hydra was one of the twelve “labours” of Heracles, which he accomplished with the assistance of Iolaus. Finding that as soon as one head was cut off two grew up in its place, they burnt out the roots with firebrands, and at last severed the immortal head from the body, and buried it under a mighty block of rock. The arrows dipped by Heracles in the poisonous blood or gall of the monster ever afterwards inflicted fatal wounds. The generally accepted interpretation of the legend is that “the hydra denotes the damp, swampy ground of Lerna with its numerous springs (κεφαλαί, heads); its poison the miasmic vapours rising from the stagnant water; its death at the hands of Heracles the introduction of the culture and consequent purification of the soil” (Preller). A euhemeristic explanation is given by Palaephatus (39). An ancient king named Lernus occupied a small citadel named Hydra, which was defended by 50 bowmen. Heracles besieged the citadel and hurled firebrands at the garrison. As often as one of the defenders fell, two others at once stepped into his place. The citadel was finally taken with the assistance of the army of Iolaus and the garrison slain.
See Hesiod, Theog., 313; Euripides, Hercules furens, 419; Pausanias ii. 37; Apollodorus ii. 5, 2; Diod. Sic. iv. 11; Roscher’s Lexikon der Mythologie. In the article Greek Art, fig. 20 represents the slaying of the Lernaean hydra by Heracles.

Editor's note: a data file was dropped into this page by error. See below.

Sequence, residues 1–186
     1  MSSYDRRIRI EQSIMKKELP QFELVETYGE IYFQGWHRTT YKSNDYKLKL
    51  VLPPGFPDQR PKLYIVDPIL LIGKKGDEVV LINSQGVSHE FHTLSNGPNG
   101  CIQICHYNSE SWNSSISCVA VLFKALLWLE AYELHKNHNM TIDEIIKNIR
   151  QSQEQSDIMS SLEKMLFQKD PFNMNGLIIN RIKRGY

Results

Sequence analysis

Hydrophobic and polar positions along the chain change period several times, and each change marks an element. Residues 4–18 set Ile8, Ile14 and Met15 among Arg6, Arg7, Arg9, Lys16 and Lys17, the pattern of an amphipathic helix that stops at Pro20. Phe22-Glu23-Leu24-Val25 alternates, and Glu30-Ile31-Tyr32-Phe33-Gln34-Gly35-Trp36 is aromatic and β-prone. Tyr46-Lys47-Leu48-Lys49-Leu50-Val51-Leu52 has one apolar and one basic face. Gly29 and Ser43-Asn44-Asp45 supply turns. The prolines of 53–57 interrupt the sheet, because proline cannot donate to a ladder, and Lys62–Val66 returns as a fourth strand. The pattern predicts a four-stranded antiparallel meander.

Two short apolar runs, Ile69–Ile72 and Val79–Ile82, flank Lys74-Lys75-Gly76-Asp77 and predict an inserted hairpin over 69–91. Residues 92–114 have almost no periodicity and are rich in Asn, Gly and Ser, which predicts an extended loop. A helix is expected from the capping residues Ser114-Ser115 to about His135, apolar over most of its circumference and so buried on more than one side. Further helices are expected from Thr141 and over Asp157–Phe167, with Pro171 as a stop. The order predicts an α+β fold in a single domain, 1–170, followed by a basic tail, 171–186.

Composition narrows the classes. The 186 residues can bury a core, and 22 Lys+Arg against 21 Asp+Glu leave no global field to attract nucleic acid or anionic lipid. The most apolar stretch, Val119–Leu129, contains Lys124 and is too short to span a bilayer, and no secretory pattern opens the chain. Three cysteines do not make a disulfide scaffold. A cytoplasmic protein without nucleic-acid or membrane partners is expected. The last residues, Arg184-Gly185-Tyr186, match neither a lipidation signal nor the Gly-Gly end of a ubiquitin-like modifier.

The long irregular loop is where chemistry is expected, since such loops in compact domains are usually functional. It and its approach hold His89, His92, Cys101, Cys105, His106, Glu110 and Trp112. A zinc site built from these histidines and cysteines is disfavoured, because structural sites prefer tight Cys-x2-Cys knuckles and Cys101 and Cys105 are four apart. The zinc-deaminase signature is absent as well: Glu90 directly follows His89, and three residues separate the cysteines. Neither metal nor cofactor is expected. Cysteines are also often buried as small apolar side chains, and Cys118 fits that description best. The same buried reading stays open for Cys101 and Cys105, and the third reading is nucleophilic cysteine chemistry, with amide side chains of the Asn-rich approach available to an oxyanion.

HYDRA, in astronomy, a constellation of the southern hemisphere, mentioned by Eudoxus (4th century B.C.) and Aratus (3rd century B.C.), and catalogued by Ptolemy (27 stars), Tycho Brahe (19) and Hevelius (31). Interesting objects are: the nebula H. IV. 27 Hydrae, a planetary nebula, gaseous and whose light is about equal to an 8th magnitude star; ε Hydrae, a beautiful triple star, composed of two yellow stars of the 4th and 6th magnitudes, and a blue star of the 7th magnitude; R. Hydrae, a long period (425 days) variable, the range in magnitude being from 4 to 9.7; and U. Hydrae, an irregularly variable, the range in magnitude being 4.5 to 6.
HYDRACRYLIC ACID (ethylene lactic acid), CH2OH·CH2·CO2H. an organic oxyacid prepared by acting with silver oxide and water on β-iodopropionic acid, or from ethylene by the addition of hypochlorous acid, the addition product being then treated with potassium cyanide and hydrolysed by an acid. It may also be prepared by oxidizing the trimethylene glycol obtained by the action of hydrobromic acid on allylbromide. It is a syrupy liquid, which on distillation is resolved into water and the unsaturated acrylic acid, CH2:CH·CO2H. Chromic and nitric acids oxidize it to oxalic acid and carbon dioxide. Hydracrylic aldehyde, CH2OH·CH2·CHO, was obtained in 1904 by J. U. Nef (Ann. 335, p. 219) as a colourless oil by heating acrolein with water. Dilute alkalis convert it into crotonaldehyde, CH3·CH:CH·CHO.